Naturally, because High School and College seasons begin at different times, how you integrate bullpens and game situations depends on many variables. The priority here is still about learning how to prioritize your conditioning off of the mound for two weeks after the Winter break so the base is reinforced and the recovery period is sufficient once mound work is reintroduced. Remember, once the Spring starts getting close, the tendencies are to ramp up the pitch count and prepare for game situations. This is an even greater reason to use the first two weeks for base building — otherwise, you may be putting the pitcher’s arm in harm’s way.

 

The Key to Preparing the Arm for the Season

Remember, the ideal way to maintain an arm inseason is to have a great base in place from the offseason.

This offseason base is the key to having a great recovery period, which in turn allows the arm to recondition itself most effectively as mound work is integrated into the offseason months, and eventually into the Spring season. This ability to maintain good recovery periods and a Long Toss program as bullpens and game situations are integrated is the key to not only maintaining a healthy arm throughout the offseason but also to positioning your arm to get more durable and possibly even stronger throughout the season.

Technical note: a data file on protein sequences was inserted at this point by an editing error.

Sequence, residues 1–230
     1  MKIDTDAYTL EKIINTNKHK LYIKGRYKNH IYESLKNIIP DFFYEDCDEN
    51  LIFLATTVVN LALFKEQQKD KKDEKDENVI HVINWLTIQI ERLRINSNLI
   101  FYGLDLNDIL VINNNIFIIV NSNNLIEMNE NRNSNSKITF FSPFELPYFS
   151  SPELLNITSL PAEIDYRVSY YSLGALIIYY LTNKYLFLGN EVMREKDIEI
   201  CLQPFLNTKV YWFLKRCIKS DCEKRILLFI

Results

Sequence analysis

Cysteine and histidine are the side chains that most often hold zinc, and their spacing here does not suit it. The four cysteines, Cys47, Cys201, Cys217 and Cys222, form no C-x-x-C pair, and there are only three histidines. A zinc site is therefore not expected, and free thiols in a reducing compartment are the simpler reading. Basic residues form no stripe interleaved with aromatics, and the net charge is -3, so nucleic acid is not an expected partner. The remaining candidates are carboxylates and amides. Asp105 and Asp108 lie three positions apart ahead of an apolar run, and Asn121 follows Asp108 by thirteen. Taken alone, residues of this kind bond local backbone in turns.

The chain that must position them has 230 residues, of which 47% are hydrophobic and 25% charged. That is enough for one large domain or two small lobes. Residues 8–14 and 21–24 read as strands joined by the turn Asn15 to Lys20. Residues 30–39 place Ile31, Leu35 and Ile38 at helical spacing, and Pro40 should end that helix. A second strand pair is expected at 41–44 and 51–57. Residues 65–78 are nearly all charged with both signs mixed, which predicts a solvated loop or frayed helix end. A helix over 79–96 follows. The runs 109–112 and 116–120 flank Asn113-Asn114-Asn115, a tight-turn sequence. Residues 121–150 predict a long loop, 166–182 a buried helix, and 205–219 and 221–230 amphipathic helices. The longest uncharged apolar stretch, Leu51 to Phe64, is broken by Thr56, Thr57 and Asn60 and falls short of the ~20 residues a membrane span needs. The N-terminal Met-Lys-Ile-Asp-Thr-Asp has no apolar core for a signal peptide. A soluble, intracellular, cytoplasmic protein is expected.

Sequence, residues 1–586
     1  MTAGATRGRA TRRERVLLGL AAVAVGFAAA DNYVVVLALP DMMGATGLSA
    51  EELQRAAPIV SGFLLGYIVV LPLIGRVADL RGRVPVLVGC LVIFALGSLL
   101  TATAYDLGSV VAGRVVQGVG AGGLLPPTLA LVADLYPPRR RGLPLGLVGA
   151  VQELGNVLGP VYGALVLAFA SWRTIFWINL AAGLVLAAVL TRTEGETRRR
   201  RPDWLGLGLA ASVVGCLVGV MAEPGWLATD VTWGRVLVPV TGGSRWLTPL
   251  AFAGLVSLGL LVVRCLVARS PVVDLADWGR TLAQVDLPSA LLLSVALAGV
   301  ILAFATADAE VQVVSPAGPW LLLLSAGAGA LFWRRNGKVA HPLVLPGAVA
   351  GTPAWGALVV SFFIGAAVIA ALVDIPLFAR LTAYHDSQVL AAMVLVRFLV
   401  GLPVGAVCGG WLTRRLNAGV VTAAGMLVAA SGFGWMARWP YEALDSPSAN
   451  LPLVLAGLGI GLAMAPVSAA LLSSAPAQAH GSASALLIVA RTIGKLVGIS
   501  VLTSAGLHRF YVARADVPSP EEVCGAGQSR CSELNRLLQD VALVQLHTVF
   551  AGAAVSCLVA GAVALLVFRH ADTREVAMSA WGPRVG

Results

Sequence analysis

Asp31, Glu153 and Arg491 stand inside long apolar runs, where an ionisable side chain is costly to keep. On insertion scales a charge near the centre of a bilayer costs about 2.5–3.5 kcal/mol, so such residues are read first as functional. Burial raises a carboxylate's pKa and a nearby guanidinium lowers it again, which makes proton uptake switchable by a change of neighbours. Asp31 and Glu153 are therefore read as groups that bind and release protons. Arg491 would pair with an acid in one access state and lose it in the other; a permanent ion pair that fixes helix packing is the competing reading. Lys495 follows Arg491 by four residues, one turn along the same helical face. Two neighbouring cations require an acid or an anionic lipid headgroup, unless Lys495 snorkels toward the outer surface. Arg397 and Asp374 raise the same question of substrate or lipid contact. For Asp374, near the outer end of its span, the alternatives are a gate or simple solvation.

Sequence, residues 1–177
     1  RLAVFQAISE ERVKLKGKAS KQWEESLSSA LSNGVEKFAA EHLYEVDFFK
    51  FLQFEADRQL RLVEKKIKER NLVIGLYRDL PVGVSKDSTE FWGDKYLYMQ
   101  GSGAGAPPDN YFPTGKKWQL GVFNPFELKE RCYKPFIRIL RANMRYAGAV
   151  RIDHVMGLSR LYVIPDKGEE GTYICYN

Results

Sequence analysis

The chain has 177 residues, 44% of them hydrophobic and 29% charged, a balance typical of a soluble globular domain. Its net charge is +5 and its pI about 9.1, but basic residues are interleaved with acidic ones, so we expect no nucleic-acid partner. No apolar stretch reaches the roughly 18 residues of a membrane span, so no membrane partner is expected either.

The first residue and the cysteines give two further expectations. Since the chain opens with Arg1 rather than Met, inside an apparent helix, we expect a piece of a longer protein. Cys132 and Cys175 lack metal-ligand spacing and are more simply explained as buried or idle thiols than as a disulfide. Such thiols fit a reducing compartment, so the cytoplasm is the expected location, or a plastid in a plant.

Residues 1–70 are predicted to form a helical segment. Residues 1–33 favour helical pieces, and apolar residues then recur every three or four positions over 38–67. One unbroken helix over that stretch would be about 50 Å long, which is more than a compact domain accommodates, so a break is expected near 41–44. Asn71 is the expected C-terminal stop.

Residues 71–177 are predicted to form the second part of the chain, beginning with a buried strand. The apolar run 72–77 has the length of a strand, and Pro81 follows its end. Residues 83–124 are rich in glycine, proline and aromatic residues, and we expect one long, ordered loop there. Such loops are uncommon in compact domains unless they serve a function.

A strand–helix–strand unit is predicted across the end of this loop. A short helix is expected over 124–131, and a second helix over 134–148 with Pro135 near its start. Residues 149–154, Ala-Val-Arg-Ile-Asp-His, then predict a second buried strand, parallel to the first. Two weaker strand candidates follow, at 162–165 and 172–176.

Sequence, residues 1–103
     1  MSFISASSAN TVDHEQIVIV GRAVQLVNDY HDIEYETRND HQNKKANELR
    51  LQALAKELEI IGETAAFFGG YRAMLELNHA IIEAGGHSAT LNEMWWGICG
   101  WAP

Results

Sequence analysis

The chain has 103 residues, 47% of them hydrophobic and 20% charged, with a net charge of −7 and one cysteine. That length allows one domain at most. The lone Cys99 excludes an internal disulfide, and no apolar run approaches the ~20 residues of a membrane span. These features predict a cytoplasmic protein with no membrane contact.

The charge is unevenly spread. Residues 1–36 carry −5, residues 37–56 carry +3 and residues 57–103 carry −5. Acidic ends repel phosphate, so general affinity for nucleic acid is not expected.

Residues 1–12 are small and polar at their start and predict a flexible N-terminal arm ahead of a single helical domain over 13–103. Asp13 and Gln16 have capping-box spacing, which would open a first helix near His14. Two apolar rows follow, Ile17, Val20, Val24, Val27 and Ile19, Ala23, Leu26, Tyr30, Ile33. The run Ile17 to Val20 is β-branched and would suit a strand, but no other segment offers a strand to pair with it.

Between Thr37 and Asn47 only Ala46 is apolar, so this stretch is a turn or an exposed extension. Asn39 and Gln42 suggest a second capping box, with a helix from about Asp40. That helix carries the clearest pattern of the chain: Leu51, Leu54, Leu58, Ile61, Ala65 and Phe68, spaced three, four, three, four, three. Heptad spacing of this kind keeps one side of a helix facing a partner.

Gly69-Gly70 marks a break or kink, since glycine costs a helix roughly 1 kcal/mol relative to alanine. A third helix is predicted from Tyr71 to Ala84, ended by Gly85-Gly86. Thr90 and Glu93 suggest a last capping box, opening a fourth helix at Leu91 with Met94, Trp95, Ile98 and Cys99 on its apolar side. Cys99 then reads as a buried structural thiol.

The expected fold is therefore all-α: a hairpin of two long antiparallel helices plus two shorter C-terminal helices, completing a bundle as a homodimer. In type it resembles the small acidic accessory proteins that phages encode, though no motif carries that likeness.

Finally, always “listen to your arm.”

Only it knows from day to day what it needs and what it wants. Because you have learned to condition and maintenance it so well the reality is you will probably find yourself wanting to stretch your arm out with Long Toss more often than you have in the past. But this is a great sign. It’s a reminder that the body responds best to activity rather than inactivity.  The arm wants to regenerate, not degenerate.  And when the arm gets into this “positive cycle,” the arm is in the best position possible throughout the year to stay healthy, strong and durable.

 

Learn the Jaeger Long Toss Program

Jaeger Thrive on ThrowingFor those interested in learning more, we have teamed up with Elite Baseball Performance to offer a brand new online version of our popular Thrive on Throwing 2 video.  In this program, we teach you exactly how to perform a proper arm care, warm-up, long toss, and pull down program to maximize your arm.

We also have a more detailed Year Round Throwing Manual that builds off this article in much more detail and shows you exactly what to do for a throwing program throughout the entire year.

If you don’t have a structured throwing program that you follow, this is an essential place to start: